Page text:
This publication describes methods that an application software market (application market) uses to determine a relevancy-permission score on an application software’s (application) permission requests to access resources, features, user data (e.g., calendar, photos, biometric data), and hardware (e.g., microphones, cameras, global navigation satellite system (GNSS), accelerometers). Depending on the request, an operating system (OS) or the application market may prompt a user to approve the requests. The user, however, may be unsure whether they need to accept or deny a particular permission request made by an application. The user may be unclear whether the access is needed by the application most of the time, some of the time, not needed at all, or whether the request is abusive. To aid the user make informed decisions, the application market uses fuzzing techniques, scripted journeys, data analytics, and machine-learned models to evaluate the permissions requested by the application. After such evaluation, the application market generates a relevancy-permission score for each permission requested by an application, which can be easily-understood by the user of the application before they grant or deny such permission requests.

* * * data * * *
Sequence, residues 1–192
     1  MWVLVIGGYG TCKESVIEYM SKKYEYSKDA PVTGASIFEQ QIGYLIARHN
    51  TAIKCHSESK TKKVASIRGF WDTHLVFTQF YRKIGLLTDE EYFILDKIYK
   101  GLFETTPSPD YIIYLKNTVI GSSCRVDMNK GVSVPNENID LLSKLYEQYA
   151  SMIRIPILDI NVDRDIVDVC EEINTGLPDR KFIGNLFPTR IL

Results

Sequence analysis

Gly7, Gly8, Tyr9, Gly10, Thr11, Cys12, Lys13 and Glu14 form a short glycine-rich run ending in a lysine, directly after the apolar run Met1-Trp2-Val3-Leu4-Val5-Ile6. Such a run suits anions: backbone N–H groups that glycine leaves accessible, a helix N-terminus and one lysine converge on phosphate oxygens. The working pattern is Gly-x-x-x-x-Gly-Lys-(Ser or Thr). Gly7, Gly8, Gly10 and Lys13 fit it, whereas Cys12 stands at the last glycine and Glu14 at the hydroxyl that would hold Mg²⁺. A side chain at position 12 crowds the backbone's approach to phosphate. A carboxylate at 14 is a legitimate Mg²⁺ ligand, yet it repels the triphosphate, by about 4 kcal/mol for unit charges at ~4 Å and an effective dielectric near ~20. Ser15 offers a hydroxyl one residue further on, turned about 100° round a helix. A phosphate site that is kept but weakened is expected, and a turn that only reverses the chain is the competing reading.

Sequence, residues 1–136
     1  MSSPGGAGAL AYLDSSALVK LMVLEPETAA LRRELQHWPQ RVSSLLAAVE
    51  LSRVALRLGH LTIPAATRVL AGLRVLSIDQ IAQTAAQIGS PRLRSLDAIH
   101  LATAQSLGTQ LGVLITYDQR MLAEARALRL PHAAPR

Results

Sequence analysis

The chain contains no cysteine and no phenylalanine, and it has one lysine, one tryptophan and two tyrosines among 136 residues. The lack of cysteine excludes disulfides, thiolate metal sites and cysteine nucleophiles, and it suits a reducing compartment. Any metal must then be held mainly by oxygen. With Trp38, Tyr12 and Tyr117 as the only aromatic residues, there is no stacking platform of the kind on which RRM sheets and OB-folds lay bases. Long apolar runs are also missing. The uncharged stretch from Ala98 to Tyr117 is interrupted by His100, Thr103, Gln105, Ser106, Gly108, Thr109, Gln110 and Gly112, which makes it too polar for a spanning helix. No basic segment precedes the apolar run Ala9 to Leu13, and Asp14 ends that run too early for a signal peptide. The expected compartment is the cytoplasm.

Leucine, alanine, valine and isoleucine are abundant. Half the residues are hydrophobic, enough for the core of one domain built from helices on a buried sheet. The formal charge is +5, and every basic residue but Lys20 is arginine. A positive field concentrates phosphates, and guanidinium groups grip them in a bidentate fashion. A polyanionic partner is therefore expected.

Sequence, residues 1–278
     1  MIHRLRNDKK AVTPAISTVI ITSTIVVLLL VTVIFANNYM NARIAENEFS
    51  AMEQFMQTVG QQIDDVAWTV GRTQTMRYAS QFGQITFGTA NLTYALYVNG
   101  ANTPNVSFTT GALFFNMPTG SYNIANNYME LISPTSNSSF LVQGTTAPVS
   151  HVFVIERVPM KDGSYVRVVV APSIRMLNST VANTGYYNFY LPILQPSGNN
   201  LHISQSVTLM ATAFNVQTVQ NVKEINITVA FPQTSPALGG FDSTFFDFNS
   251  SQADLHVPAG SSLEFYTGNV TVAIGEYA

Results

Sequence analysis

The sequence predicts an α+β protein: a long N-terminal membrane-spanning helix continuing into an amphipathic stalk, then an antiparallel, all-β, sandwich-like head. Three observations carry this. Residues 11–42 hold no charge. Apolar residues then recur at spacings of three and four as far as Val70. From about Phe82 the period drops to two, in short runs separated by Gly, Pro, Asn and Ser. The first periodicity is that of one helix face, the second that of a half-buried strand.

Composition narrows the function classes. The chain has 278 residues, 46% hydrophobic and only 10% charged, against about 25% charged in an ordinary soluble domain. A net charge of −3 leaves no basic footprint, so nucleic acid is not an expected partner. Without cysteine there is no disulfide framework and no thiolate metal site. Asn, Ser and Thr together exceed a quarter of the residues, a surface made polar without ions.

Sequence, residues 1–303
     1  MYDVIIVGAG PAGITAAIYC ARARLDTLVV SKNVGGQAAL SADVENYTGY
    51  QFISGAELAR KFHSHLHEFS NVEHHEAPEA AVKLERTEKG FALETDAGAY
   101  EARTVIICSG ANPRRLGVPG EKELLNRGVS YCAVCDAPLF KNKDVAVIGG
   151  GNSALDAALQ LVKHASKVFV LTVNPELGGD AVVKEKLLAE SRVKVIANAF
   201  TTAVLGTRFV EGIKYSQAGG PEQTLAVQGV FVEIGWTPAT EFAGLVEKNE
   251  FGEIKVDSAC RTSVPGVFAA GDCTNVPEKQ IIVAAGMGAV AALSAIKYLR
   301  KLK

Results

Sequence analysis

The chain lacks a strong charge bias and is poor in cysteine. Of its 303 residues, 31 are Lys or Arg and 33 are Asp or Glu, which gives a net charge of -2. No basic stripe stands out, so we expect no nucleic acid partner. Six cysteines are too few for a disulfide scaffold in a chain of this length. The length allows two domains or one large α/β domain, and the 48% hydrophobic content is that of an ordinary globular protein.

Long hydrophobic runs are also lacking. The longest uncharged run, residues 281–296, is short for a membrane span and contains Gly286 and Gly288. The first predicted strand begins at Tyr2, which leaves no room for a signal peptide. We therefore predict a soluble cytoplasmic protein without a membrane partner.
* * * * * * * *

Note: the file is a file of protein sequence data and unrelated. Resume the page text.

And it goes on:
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Carbune, Victor and Feuz, Sandro, "Determining the Relevancy of Permissions Requested by an Application Software", Technical Disclosure Commons, (June 25, 2019)